Signature Page – This is number 1122, and Cleland provides his nom de plume.

Page 3 (LEC) The chapter heads have pretty decorations at the head of each, and I’ve provided two examples of this for each edition.  There are no further illustrations.

Page 29 (LEC)

Page 817 (HP)

Page 1453 (HP)

Personal Notes – Picked up for a song at a library book sale, although part of that reason is that it’s a poor library copy.  The book itself is in good condition, but it’s full of writing and stamps. :(  I’ll be selling it off soon.  The LEC version was checked out from my university.


Heritage Press – The Odyssey by Homer (1970, Connecticut)

January 16, 2012 § 2 Comments

The Odyssey by Homer (1970, Connecticut)
Sandglass Number: Unknown
Artwork: Classical Designs by John Flaxman
Translated by Alexander Pope
Heritage Press Exclusive – The LEC did their own Odyssey in 1930, designed by Jan van Krimpen, and later Sidney Shiff produced his LEC Odyssey in 1981 featuring woodcuts by Barry Moser.

Click images to see a larger view.

Front Binding – This will be a relatively short post, since it’s A) a library copy and B) a Connecticut-era reprint, and it’s a companion to the Heritage Iliad.  It features the same design philosophy, the same translator (Alexander Pope) and the same artist (John Flaxman).  So I don’t think I can really comment much more than I did with the Iliad.  This is a nice shade of blue in contrast to the Iliad red.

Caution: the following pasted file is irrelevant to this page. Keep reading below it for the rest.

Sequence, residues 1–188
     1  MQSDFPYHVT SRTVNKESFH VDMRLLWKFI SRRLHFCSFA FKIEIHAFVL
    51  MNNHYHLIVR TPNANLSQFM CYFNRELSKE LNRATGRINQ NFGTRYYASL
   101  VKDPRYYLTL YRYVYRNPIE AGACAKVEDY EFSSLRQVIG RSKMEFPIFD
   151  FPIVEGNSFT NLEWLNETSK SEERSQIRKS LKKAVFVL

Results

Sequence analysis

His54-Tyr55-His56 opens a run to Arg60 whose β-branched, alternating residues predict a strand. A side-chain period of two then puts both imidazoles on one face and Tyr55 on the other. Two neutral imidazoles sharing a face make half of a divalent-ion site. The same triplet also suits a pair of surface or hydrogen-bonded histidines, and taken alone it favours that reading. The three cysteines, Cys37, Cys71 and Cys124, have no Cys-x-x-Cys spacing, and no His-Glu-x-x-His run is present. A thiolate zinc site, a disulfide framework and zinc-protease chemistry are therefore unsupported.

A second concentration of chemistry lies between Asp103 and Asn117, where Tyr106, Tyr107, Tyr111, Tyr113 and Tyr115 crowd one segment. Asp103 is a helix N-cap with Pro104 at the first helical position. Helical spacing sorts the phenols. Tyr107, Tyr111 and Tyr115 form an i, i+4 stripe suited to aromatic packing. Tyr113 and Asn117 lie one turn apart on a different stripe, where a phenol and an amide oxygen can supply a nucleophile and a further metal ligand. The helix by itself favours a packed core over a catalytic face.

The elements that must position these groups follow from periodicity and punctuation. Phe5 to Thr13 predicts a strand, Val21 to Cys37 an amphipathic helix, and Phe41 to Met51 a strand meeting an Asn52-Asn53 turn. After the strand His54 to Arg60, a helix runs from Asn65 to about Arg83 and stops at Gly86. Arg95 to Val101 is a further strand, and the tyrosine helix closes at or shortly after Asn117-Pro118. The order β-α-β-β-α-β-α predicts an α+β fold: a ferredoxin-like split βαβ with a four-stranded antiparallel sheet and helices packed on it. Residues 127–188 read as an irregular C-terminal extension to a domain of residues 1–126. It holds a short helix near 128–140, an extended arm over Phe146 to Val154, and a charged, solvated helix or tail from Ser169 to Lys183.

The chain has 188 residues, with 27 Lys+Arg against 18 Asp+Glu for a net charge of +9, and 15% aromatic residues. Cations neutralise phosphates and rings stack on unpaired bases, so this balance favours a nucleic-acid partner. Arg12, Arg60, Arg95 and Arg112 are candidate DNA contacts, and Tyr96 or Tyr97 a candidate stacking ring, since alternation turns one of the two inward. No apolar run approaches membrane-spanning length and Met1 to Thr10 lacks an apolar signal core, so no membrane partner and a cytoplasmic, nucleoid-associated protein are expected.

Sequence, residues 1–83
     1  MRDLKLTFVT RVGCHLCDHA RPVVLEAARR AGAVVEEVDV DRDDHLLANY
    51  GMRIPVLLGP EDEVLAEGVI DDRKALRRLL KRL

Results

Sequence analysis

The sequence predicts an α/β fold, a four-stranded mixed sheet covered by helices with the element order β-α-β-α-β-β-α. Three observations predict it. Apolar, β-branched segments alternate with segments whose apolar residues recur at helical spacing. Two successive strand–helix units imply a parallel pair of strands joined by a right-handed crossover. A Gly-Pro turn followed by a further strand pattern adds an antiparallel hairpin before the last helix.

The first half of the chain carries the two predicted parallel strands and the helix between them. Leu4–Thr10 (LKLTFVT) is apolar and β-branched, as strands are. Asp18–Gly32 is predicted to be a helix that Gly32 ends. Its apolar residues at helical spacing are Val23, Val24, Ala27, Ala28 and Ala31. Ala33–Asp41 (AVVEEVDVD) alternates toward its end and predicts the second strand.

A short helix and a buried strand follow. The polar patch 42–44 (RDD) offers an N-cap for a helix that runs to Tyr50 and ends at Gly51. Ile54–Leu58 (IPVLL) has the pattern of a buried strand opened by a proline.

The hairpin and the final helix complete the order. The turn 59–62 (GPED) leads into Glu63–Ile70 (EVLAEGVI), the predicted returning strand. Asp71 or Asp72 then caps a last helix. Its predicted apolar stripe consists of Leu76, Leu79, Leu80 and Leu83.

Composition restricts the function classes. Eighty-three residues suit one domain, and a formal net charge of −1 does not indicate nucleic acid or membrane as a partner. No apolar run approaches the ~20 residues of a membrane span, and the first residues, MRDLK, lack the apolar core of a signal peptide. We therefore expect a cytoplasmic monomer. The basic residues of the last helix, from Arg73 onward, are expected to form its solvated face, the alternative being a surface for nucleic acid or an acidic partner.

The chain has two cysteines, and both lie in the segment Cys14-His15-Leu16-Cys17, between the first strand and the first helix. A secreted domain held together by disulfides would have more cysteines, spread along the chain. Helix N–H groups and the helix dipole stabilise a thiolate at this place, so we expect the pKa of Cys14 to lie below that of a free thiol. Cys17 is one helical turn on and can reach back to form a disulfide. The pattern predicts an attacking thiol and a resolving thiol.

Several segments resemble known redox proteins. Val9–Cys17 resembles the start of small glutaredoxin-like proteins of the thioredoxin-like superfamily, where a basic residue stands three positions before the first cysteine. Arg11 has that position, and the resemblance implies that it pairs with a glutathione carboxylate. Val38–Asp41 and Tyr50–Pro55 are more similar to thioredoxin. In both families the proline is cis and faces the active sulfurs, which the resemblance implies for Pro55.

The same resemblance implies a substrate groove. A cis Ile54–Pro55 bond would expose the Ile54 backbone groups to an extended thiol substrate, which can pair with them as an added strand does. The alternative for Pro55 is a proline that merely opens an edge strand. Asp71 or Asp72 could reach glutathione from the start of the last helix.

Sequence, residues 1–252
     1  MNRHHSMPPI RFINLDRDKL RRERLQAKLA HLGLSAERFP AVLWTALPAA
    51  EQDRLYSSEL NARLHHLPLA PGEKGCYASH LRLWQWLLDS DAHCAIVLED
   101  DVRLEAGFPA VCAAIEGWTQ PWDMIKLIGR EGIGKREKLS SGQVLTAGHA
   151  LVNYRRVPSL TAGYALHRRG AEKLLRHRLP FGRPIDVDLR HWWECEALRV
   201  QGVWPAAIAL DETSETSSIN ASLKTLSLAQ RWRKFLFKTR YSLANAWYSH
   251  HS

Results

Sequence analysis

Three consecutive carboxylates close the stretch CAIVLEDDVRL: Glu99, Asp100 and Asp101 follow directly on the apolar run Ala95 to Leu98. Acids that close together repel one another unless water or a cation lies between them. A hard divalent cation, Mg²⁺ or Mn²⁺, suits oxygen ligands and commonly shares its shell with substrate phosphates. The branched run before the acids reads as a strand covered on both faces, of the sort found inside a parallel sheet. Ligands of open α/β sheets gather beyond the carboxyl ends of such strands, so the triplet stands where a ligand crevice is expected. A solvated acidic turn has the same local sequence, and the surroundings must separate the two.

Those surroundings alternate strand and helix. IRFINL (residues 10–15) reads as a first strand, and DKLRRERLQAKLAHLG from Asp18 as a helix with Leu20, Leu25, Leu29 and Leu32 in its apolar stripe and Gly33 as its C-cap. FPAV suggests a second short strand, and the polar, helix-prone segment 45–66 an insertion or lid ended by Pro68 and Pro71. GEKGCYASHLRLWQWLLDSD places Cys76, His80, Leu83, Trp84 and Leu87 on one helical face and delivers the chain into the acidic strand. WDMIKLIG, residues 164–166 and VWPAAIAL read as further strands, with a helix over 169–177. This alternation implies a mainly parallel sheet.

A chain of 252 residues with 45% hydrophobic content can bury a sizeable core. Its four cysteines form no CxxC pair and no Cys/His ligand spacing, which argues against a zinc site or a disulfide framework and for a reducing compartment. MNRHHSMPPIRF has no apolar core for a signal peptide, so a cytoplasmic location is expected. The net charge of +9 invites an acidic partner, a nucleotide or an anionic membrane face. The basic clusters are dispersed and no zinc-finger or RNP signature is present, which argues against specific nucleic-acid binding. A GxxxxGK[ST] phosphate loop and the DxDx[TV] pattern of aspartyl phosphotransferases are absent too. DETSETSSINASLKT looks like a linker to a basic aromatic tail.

Title Page – Flaxman’s work is still nice!

Page 6 – I’ll be more than happy to compare these to the New York printing when I can, but I can say that the quality isn’t shabby at all.

Page 14

Personal Notes – Checked out from the library…although I wouldn’t mind owning them.

If you have a Sandglass for the Heritage New York printing, please drop me a line here or through the comments at my thread about this blog at the George Macy Devotees @ LibraryThing!  I could use extra insights into this book.  Thanks!

Heritage Press – Four Plays by Christopher Marlowe (1966)

January 8, 2012 § 2 Comments

Four Plays by Christopher Marlowe – Tamburlaine the Great (Parts I and II), Doctor Faustus and Edward the Second (1966)
Sandglass Number: VII-32
Artwork: Monogram Woodcuts by Fritz Kredel, Copperplate Engravings by Albert Decaris
Introduced by Havelock Ellis
Reprint of LEC #377, 34th Series, V. 3 in 1966

Click images for larger views.

Front Binding – Before beginning proper, let me say welcome to 2012!  While my sixteen LEC’s are all on the blog, there’s no shortage of Heritage books for me to document (and I do have plans to further build my LEC collection throughout the year), and this is a lovely place to start.